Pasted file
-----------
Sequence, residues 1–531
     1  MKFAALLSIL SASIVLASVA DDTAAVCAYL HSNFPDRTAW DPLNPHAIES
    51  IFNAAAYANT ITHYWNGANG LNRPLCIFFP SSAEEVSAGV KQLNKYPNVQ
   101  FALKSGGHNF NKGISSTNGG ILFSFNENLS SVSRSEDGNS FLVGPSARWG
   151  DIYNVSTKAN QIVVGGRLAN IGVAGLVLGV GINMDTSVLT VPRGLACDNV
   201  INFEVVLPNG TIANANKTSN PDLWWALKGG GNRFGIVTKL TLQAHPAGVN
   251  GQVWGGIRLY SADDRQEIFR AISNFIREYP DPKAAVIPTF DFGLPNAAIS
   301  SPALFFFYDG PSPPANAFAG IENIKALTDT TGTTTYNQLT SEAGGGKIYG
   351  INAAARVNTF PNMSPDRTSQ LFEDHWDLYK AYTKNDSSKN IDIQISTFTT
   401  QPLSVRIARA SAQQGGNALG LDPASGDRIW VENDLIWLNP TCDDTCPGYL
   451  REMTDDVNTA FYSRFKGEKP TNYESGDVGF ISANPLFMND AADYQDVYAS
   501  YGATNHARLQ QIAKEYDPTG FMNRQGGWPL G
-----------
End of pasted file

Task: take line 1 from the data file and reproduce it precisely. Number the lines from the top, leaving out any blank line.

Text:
Sequence, residues 1–531